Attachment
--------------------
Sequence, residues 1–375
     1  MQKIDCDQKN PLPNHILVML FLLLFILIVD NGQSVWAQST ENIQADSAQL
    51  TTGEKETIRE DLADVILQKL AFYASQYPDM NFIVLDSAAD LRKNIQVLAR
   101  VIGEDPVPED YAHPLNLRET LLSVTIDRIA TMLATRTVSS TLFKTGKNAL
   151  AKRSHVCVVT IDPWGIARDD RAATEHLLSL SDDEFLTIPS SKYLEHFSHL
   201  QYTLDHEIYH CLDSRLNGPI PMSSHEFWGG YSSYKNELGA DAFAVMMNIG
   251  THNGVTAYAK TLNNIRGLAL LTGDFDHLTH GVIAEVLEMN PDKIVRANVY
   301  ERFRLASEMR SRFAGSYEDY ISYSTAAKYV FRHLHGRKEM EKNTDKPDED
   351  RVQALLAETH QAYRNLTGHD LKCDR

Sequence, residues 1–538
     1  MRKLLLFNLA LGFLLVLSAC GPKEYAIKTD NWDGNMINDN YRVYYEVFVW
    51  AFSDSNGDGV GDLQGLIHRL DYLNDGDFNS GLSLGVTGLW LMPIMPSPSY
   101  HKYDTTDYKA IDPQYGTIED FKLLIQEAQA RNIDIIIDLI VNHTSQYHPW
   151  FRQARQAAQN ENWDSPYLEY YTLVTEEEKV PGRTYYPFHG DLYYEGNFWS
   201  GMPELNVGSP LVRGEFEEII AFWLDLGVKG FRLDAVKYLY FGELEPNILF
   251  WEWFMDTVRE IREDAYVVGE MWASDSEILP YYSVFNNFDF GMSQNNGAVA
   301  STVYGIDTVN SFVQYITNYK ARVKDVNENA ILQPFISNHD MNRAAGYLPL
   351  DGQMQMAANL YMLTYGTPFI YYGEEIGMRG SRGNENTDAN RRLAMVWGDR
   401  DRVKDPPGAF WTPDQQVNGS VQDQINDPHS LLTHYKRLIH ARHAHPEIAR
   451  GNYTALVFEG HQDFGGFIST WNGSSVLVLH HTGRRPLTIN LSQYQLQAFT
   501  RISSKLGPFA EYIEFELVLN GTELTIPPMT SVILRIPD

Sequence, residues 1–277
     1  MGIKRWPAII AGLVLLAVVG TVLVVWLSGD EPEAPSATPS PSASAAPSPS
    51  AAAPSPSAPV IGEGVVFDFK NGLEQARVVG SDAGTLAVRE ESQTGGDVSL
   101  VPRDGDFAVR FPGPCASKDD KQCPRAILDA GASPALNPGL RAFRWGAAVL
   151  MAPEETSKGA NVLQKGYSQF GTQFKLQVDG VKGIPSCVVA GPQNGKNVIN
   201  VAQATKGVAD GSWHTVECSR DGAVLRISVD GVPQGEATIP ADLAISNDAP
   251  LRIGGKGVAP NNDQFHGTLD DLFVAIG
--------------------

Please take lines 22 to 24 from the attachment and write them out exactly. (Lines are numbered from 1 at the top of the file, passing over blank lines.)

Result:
Sequence, residues 1–277
     1  MGIKRWPAII AGLVLLAVVG TVLVVWLSGD EPEAPSATPS PSASAAPSPS
    51  AAAPSPSAPV IGEGVVFDFK NGLEQARVVG SDAGTLAVRE ESQTGGDVSL